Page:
22. Goethe, J. W. (1817). Urworte. Orphisch [Primal words. Orphic]. In Sämtliche Werke in 18 Bänden. [Collected Works in 18 Volumes] (Vol. 1, pp. 523–524). Zürich: Artemis Verlag (1977).

  23. Goethe, J. W. (1821). Eins und Alles. [One and Everything]. In Sämtliche Werke in 18 Bänden. [Collected works in 18 volumes] (Vol. 1, p. 514). Zürich: Artemis Verlag (1977).

  24. Gurevich, H. (2016). Orpha, Orphic functions, and the Orphic Analyst: Winnicott’s “Regression to Dependence” in the language of Ferenczi. American Journal of Psychoanalysis,76, 322–340.

    Article  Google Scholar 

  25. Guthrie, W. K. C. (1935). Orpheus and Greek religion. A study of the Orphic movement. London: Methuen & Co. (1952).

  26. Gutiérrez-Peláez, M. (2018). Confusion of tongues. A return to Sándor Ferenczi. London and New York: Routledge.

    Book  Google Scholar 

  27. Herder, J. G. (1766). Orpheus. Versuch. Geschichte der lyrischen Dichtkunst. [Orpheus. An essay. A history of the lyrical poetry]. In W. Pross (Ed.), Werke [Works], (Vol. 1, pp. 85–140). Berlin: Weidmann (1899).

  28. Herder, J. G. (1774). Älteste Urkunde des Menschengeschlechts. [Oldest document of the human race] (Vol. 1). In Sämtliche Werke [Collected Works] (Vol. 37): Religion und Theologie. [Religion and theology] (pp. 3–440). Karlsruhe: Im Bureau der deutschen Klassiker. (1827).

  29. Hristeva, G., & Poster, M. F. (2013). Georg Groddeck’s maternal turn: Its evolution and influence on early psychoanalysts. American Journal of Psychoanalysis,73, 228–253.

    Article  Google Scholar 

  30. Jones, E. (1957). The life and work of Sigmund Freud. Vol. III. The last phase: (1919–1939). New York: Basic Books.

    Google Scholar 

  31. Locke, L. (1997). Orpheus and Orphism: Cosmology and sacrifice at the boundary. Folklore Forum,28(2), 3–29.

    Google Scholar 

  32. Lothane, Z. (2010). Sándor Ferenczi. The dramatologist of love. Psychoanalytical Perspectives,7, 165–182.

    Article  Google Scholar 

  33. Mathieu, B. (1976). Orpheus in Brooklyn: Orphism, Rimbaud, and Henry Miller. The Hague: Mouton Publishers.

    Book  Google Scholar 

  34. McGahey, R. (1994). The Orphic moment: Shaman to poet-thinker in Plato, Nietzsche, and Mallarmé. Albany: State University of New York Press.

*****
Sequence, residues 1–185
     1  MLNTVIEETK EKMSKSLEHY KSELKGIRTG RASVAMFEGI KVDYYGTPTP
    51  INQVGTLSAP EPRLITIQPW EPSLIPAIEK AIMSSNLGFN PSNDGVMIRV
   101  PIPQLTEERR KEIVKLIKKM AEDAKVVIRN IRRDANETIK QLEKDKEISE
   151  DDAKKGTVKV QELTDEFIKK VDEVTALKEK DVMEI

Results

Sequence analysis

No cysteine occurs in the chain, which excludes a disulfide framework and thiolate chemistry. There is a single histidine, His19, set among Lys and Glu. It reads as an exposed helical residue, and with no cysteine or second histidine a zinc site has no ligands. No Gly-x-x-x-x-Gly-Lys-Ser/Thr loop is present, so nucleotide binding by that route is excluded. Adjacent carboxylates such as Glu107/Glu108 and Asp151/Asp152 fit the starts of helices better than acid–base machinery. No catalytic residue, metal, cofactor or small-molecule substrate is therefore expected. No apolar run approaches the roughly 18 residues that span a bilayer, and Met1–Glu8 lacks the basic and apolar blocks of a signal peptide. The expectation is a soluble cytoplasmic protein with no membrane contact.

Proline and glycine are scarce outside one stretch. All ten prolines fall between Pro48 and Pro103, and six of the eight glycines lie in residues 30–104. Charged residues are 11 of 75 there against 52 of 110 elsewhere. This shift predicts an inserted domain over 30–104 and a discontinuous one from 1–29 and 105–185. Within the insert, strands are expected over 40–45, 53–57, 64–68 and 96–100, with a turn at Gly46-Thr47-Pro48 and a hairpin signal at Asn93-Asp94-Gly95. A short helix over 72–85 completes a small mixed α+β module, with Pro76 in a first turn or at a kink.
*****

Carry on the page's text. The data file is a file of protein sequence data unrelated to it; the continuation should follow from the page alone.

Google Scholar 

  35. Meisner, D. A. (2018). Orphic tradition and the birth of the gods. Oxford: Oxford University Press.

    Book  Google Scholar 

  36. Plato. (1993). Phaedo (D. Gallop, Ed., Trans.). Oxford: Oxford University Press.

  37. Poster, M. F., Hristeva, G., & Giefer, M. (2016). Georg Groddeck: “The pinch of pepper” of psychoanalysis. American Journal of Psychoanalysis,76, 161–182.

    Article  Google Scholar 

  38. Rachman, A. W. (1997a). Sándor Ferenczi: The psycho-therapist of tenderness and passion. Northvale, NJ: Jason Aronson.

    Google Scholar 

  39. Rachman, A. W. (1997b). The suppression and censorship of Ferenczi’s confusion of Tongues paper. Psychoanalytic Inquiry,17, 459–485.

    Article  Google Scholar 

  40. Rachman, A. W. (2018). Elizabeth Severn: The “evil genius” of psychoanalysis. London: Routledge.

    Google Scholar 

  41. Rilke, R. M. (1907). Orpheus, Eurydice, Hermes. In New Poems (pp. 151–156) (L. Krisak, Trans.). Woodbridge, UK: Boydell & Brewer (2015).

  42. Rilke, R. M. (1922). Sonette an Orpheus. [Sonnets to Orpheus]. In Werke in drei Bänden [Works in three volumes] (Vol. 1, pp. 487–529). Frankfurt am Main (1966).

  43. Schopenhauer, A. (1819). The world as will and idea (Vol. 3) (R. B. Haldane, & J. Kemp, Trans.). London: Trübner Co. (1886).

  44. Smith, N. A. (1999). From Oedipus to Orpha: Revisiting Ferenczi and Severn’s landmark case. American Journal of Psychoanalysis,59, 345–366.

    Article  Google Scholar 

  45. Soreanu, R. (2018). The psychic life of fragments: Splitting from Ferenczi to Klein. American Journal of Psychoanalysis,78, 421–444.

    Article  Google Scholar 

  46. Strauss, W. A. (1971). Descent and return. The Orphic theme in modern literature. Cambridge, MA: Harvard University Press.

    Book  Google Scholar 

  47. Taylor, T. (1824). The mystical hymns of Orpheus (T. Taylor, Trans.). London: Bertram Dobell. (1896).

  48. Windelband, W. (1900). Platon. Stuttgart: Fr. Frommann’s Verlag (E. Hauff), 1910.

Download references

Author information

Affiliations

Authors

Corresponding author

Correspondence to Galina Hristeva.

Additional information

Publisher's Note

Springer Nature remains neutral with regard to jurisdictional claims in published maps and institutional affiliations.

Galina Hristeva, Ph. D., Literary critic, author of a book about Georg Groddeck, and numerous publications on the history of psychoanalysis. Research Associate of the American Psychoanalytical Association. Winner of the 2011 Sacerdoti Prize of the International Psychoanalytical Association.

Address Correspondence to: Galina Hristeva, Ph. D., Schleifbrückenstr. 11/1, 73430 Aalen, Germany. Email: galina.hristeva1@gmail.com

Rights and permissions

Reprints and Permissions

About this article

Verify currency and authenticity via CrossMark

Cite this article

Hristeva, G. “PRIMORDIAL CHANT”. SÁNDOR FERENCZI AS AN ORPHIC POET*. Am J Psychoanal 79, 517–539 (2019). https://doi.org/10.1057/s11231-019-09219-w

Download citation

Keywords

  • Orpha
  • trauma
  • fragmentation
  • cosmogony
  • Ferenczi’s poetics
  • Orphic harmony